Beginner starting from scratch. Electronic music

Hello, I’ve been dying to make this post. Is there any good soul who would like to help me starting from scratch? I’ve always loved electronic music, I love making art in general. I want to use it as a new way to expressing myself. My go-to artists are ranging from old school Justice, to Skrillex, to the newest Apashe, Illenium, etc.
I’m really starting from scratch, I have 0 experience in music producing but I definitely always had a bit of rhythm in my blood.
Btw, I’m a 34 (soon 35) yo guy from Italy. Don’t know why I thought this was necessary info to post.
Anyways, thanks to everyone who has a kind soul and wants to help me embark on this journey!

My post is already too long, so… peace!
Ty! :heart:

Hi! This community is small and professionals are sitting here. For example, you’d better go and ask for help there

I can advise you to Google queries like this: dance music production guide/music production for beginners etc.

1 Like


I started back in the late 90’s with Fruity Loops 1.x - and they are still pumping out stuff!

Sample Pack From Mars - they make high quality samples of drum machines and synths through high end hardware - highly recommended

Vital Synth is pretty cool as well - super deep synth plug in that can get a bunch done. Go with the free version.

Past that - researching the functions of these programs, plugins and samples should be pretty easy - they all have tons of how to’s and such.

I hope this kinda helps.

1 Like

Hi and welcome!

If you have rhythm in you then I recommend starting with making drum beats.

Two options would be to either:
Start using a free tool that incorporated a piano roll type environment where you map out the beat using little markers on a timeline. This is tedious, but can be quite rewarding if you put the time in.

If you wanted something more tangible and were serious about your new hobby, pick up a secondhand unit called Native Instruments - Maschine. The Mk 1 will be sufficient for a starter, and you should be able to get quite cheap. This doesn’t make any sounds by itself, so you need the software and a computer. Find some free drum sample packs and dump them into the software and start tapping away while recording everything you do.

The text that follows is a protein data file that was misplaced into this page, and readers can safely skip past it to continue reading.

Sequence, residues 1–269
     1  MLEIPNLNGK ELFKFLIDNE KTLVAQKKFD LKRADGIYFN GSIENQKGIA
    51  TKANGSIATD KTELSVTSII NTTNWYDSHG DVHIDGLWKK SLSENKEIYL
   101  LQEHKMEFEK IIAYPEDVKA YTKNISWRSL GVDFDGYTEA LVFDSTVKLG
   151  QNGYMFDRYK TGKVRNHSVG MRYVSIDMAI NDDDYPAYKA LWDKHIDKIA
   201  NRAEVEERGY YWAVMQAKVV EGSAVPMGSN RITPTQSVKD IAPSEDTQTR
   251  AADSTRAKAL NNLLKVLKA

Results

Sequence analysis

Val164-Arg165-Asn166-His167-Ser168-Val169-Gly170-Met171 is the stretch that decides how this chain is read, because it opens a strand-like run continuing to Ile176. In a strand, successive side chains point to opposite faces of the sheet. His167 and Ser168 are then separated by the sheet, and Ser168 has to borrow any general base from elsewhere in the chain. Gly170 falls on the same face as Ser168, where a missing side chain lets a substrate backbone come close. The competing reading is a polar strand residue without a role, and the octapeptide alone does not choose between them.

Once you have some beats you like the sound of then move onto creating some bass lines or synth lines with free VST plugins like mentioned above. We have a whole thread that people have posted all kinds of free plugins. Free plugins! - The Studio - IDM Forums

Once you have played around for a while, you will start thinking of more specific questions on what you want to do. Either look them up on Youtube or ask them here and we’ll be happy to help. Some may have already been answered here so you can use the search function as well.

It’s helpful to start this way before trying to emulate artists you like, but once you get those questions and start to get a good feel for what you’re doing, then emulating artists you like is also a great way to learn more complex techniques.

Thanks for stopping by :slight_smile:


The first thing is to find the DAW (digital audio workstation) software you want to use and install it. Don’t worry too much about which you choose, they’re all okay to use, they all will do the job (in different ways), and you can always change later. I’d suggest looking at Reaper or the FL Studio free trial - they are both popular and have large enough communities that you can search online for how to do things and are guaranteed to get helpful results. There’ll also be lots of youtube tutorials for both of them.

You should not need to buy anything, hardware or software, to get started.

Most DAWs will come with samples and effects for you to play with. Use those to figure out how to make beats, basslines, whatever is in your head. There are plenty of free samples, effects and synths out there, and you can record sounds on your phone and use those to play with.

My biggest advice is to just start - download software, start messing around. After a few weeks, you’re going to understand more about it than we can write for you here, and you can start to make decisions about what you like and don’t. Maybe you hate clicking on all the little buttons on the screen and want to buy a hardware controller. Maybe you’re after a certain sound but don’t know what it’s called. Learn the basics and you’ll know what questions to ask.

1 Like